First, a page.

By CLIFFORD WEBB,
Midland Industrial Correspondent
British Leyland’s labour troubles worsened last night when 1,200 assembly workers at Standard Triumph, Coventry, were laid off and production of all models except the TR6 sports car stopped through a 10-day-old strike of delivery drivers. No cars have left the plant since Monday week ,With all available storage space now taken up only very limited production is possible. This, too is expected to cease during the next few days unless the strike deadlock is broken.
Progressive laying off of several thousand more of the 11,000 employed in Standard Triumph factories at Coventry and at Liverpool will almost certainly follow before the weekend. Fifty delivery drivers employed by Progressive Deliveries, of Coventry; have been dismissed for refusing to accept rationalization plans involving a move to a new depot. As a result, Transport and General Workers Union drivers have “blacked” the movement of all new cars from Standard Triumph.
The Department of Employment and Productivity was in touch with both sides last night but there were no signs of compromise moves. Production of nearly 2,000 Minis has already been lost at Longbridge as a result of a continuing strike by 200 body assembly workers which began on Monday. A further 1,100 have been laid off.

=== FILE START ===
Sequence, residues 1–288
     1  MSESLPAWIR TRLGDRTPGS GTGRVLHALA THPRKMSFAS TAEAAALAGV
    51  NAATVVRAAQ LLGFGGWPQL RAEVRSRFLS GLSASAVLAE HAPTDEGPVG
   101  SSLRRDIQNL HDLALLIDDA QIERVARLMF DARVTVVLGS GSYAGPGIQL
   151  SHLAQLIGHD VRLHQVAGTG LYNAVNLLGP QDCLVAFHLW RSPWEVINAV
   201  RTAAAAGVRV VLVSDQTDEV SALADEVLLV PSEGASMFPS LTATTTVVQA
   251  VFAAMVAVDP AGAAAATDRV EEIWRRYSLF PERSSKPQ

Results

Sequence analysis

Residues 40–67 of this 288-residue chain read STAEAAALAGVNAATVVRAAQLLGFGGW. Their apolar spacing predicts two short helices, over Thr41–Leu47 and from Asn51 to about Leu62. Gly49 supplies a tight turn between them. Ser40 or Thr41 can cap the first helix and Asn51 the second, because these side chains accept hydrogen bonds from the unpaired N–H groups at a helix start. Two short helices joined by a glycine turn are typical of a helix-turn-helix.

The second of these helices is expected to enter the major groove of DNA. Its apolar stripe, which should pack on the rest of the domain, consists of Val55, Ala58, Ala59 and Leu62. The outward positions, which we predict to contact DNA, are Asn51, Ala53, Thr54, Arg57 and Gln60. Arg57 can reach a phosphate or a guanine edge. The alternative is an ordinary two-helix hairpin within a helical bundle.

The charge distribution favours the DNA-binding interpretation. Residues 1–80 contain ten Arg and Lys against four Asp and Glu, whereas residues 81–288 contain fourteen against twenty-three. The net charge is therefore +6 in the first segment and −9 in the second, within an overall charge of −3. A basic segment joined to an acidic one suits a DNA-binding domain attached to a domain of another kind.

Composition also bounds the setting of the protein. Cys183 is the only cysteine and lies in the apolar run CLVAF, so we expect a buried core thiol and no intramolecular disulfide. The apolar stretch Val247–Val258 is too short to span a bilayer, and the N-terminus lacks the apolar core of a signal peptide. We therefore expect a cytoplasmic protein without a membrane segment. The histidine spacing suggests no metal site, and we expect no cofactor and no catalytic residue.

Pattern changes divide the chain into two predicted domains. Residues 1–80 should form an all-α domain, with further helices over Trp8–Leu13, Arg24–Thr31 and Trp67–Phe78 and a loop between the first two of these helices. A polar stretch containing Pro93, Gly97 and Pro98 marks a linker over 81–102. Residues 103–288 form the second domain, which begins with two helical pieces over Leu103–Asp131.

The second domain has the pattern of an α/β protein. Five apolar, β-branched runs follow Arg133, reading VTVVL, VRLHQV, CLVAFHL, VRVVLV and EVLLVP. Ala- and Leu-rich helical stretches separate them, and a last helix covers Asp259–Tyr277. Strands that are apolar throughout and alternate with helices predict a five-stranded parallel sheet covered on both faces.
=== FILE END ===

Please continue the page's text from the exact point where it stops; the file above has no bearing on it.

At British Leyland, Cowley, production of the Austin Maxi continues to be halved by a go slow at the adjoining Pressed Steel Fisher body plant. Body supplies to British Leyland and Rootes assembly plants are also threatened by another transport dispute. Drivers at the Oxford depot of British Road Services, who ferry bodies from Pressed Steel Fisher, have warned that they will strike next Monday in support of 50 fitters at the depot who have been on strike for more than a week.
About 300 men stopped work at Morris Motors, Oxford, yesterday because of the transfer of a colleague, so another 300 were laid off, and, in turn, 400 were sent home at the Pressed Steel Fisher supplying factory at Swindon, Wilts.